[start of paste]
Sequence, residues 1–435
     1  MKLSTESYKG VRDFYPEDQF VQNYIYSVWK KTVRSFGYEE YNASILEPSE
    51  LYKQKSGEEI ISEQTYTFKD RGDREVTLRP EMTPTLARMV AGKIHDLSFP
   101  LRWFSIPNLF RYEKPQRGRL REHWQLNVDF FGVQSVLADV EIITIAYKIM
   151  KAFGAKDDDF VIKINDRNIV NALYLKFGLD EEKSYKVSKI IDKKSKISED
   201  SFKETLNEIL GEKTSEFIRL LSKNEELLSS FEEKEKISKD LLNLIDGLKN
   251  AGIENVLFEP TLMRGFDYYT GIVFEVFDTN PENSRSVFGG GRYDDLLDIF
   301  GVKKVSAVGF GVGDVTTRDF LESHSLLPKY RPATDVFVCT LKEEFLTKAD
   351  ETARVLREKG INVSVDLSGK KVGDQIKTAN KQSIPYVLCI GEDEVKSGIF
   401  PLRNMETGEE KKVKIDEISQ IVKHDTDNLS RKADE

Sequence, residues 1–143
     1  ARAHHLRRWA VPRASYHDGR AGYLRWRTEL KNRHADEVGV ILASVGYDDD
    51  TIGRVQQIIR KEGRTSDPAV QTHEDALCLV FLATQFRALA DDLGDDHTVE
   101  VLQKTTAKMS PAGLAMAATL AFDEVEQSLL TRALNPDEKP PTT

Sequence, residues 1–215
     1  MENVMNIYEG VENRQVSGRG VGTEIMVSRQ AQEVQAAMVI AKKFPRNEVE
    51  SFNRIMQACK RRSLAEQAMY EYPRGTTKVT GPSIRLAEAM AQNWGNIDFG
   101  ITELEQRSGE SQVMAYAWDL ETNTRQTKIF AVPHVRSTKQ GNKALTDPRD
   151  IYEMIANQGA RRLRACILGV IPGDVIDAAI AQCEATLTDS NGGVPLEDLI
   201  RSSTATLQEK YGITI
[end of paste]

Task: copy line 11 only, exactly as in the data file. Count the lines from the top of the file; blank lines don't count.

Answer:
Sequence, residues 1–143